Update:

the section on ASLR in this article explains what gets relocated and when. it doesn't mention if the base will reset every reboot, but for system dlls, its never going to be guaranteed to load at the same address twice, reboot or no reboot. the important thing is according to article, everything needs to opt-in to ASLR for system dll's to be relocated.

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"windows 7 will reset the base randomization every reboot" ... what do you mean with "reset", exactly? –  Martin Ba Jun 21 '11 at 7:12
    
@martin: if something has a preferred base address, it'll load there for the first instance, the it will be relocated, however after rebooting it'll load at the preferred base for the first load again etc. –  Necrolis Jun 21 '11 at 10:59
    
@Necrolis : I thought with ASLR on Windows, each system DLL will always load on the same address for all processes, but this address would change between reboots for the system DLLs ... ?? –  Martin Ba Jun 21 '11 at 11:11
    
@martin: according to MS, if ASLR applies to the process, the base is randomized for all dlls, including system dlls. for my experience, the first time load of a dll occurs at its preferred address even if ASLR is in effect (this might not apply to system dlls). –  Necrolis Jun 21 '11 at 14:53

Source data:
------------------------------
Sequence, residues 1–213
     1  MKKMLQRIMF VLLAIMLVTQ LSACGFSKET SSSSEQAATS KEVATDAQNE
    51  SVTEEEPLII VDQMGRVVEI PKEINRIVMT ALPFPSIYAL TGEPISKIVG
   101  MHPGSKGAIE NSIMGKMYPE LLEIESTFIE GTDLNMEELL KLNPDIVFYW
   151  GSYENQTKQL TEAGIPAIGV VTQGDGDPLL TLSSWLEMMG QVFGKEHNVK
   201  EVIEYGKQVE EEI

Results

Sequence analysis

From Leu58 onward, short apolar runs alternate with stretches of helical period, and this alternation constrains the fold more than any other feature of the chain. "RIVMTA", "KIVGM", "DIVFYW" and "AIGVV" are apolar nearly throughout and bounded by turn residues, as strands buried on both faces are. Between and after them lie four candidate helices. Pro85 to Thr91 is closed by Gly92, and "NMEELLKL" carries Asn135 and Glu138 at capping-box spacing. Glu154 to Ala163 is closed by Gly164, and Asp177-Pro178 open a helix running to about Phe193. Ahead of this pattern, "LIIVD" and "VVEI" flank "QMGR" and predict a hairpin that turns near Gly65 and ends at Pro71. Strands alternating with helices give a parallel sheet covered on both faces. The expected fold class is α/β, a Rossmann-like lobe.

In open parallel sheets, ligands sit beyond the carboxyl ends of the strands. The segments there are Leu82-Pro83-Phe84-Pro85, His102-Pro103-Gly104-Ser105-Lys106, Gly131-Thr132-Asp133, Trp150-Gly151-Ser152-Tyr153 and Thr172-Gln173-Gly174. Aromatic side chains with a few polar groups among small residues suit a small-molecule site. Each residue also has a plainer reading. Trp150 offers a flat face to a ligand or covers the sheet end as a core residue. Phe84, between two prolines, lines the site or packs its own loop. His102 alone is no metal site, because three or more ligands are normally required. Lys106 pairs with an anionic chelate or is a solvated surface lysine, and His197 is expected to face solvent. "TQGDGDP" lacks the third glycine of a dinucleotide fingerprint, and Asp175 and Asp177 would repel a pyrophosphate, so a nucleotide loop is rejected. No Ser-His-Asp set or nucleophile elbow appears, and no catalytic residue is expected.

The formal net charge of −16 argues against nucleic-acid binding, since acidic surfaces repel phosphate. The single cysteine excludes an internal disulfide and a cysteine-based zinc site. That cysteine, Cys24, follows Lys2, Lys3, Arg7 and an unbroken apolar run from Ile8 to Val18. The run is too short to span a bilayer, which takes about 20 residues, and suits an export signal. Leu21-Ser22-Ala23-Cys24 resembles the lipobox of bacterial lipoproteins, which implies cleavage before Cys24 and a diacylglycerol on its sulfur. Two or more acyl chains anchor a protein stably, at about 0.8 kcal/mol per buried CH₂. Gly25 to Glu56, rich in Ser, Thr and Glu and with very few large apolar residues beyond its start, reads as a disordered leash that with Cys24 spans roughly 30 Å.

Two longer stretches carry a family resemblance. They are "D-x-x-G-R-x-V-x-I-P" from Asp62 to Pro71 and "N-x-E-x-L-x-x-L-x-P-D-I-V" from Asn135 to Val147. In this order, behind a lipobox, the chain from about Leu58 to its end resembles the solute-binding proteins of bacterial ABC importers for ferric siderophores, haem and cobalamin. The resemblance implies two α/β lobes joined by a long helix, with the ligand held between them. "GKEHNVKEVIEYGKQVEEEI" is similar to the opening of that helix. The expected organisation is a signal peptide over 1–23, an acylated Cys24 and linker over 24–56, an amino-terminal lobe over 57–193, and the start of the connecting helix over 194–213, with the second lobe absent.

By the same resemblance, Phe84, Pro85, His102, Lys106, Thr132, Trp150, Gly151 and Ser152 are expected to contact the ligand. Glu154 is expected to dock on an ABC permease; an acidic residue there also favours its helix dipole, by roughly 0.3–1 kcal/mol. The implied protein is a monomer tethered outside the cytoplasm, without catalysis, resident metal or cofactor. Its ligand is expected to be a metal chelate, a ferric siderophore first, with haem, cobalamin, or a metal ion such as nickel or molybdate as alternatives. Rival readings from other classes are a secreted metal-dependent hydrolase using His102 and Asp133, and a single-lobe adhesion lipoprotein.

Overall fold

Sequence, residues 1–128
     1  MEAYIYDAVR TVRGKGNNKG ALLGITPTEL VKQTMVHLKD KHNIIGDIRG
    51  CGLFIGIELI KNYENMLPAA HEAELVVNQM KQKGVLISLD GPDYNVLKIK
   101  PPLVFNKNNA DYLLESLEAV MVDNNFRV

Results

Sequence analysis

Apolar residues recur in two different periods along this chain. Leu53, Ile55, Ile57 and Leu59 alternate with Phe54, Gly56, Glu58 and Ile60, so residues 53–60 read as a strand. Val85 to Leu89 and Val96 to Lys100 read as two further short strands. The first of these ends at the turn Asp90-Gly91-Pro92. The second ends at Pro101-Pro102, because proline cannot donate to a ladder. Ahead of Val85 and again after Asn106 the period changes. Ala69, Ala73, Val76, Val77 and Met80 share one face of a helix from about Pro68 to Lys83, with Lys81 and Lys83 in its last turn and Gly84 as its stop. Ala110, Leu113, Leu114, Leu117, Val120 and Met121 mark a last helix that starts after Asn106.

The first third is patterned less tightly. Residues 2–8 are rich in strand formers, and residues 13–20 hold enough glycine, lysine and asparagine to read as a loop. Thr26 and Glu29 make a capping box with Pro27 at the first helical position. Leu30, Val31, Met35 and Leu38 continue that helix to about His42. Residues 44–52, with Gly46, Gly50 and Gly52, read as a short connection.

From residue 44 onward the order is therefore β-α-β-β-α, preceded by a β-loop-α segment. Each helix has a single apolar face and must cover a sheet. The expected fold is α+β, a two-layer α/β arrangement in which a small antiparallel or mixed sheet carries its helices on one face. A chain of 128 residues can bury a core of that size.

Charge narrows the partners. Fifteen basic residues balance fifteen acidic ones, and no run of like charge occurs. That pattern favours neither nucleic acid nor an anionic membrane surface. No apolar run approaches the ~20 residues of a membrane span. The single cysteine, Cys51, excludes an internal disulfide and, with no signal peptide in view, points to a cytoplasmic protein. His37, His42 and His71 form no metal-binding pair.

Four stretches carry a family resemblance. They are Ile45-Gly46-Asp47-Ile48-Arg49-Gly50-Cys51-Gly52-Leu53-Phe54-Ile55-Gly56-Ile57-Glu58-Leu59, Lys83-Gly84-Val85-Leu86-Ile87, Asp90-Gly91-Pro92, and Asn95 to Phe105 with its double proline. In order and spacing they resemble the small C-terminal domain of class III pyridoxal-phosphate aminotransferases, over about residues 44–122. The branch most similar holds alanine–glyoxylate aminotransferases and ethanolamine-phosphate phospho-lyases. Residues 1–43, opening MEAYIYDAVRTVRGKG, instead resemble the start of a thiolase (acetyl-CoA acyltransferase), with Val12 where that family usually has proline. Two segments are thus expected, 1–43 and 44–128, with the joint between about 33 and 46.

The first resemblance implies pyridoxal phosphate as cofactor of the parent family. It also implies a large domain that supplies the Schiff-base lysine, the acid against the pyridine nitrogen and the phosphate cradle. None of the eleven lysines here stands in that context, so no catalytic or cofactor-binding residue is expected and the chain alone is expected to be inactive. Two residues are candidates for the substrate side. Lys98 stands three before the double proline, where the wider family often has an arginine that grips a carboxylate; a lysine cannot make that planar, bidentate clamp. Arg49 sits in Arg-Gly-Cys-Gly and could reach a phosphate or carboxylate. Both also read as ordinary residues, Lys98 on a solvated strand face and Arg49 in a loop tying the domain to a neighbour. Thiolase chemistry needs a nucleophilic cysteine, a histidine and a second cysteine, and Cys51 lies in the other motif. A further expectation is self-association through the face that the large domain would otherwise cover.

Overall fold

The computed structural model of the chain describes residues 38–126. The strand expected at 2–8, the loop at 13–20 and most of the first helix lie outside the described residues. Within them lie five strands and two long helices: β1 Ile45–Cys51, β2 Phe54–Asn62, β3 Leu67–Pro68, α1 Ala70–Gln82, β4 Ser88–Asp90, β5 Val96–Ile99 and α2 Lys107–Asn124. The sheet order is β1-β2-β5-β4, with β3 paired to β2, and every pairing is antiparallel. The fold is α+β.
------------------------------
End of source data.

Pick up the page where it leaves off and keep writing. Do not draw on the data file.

1  
@Martin: I tested using ollydbg and a process that had ASLR disabled (confirmed with ProcessExplorer), started the app up a few times, no relocations of any of the dlls, rebooted, repeated the check, rebooted again did the checks a 3rd time (this is on windows server 2008 R2 SP1). I am checking a WOW64 process however –  Necrolis Aug 19 '11 at 13:53
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Your program will resolve calls into system DLLs wherever they happen to be loaded. But, unless your executable is linked with /DYNAMICBASE, it will not be given a randomized base address. In other words, your exe will always load at the same base address.

If you want your exe to load at a randomized address, then you have to link it with /DYNAMICBASE, and every DLL that it references must also have been linked with /DYANMICBASE. The system DLLs (starting in Vista) are all linked with /DYNAMICBASE.

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"wherever they happen to be loaded" ... so that means their addresses will vary between reboots on Win7? –  Martin Ba Jun 20 '11 at 10:17
    
Yes, I believe the system DLLs on Vista and Windows 7 will be loaded at randomized addresses regardless of whether your application or its DLLs support ASLR. –  Adrian McCarthy Jun 23 '11 at 20:07
    
Thanks for your update. Somehow it seems your answer/comment and the answer/comment of @Necrolis are at odds :-) –  Martin Ba Jun 24 '11 at 6:29
    
Actually, with the Update I see in his answer right now, I think we're in agreement. System DLLs will be loaded at randomized addresses. Your stuff won't be, unless you enable it. –  Adrian McCarthy Jun 24 '11 at 17:11
    
hmmm ... Necrolis wrote: "but for system dlls, its never going to be guaranteed to load at the same address twice" vs. "but for system dlls, its never going to be guaranteed to load at the same address twice" ... I'm sure confused by now :-) –  Martin Ba Jun 24 '11 at 18:56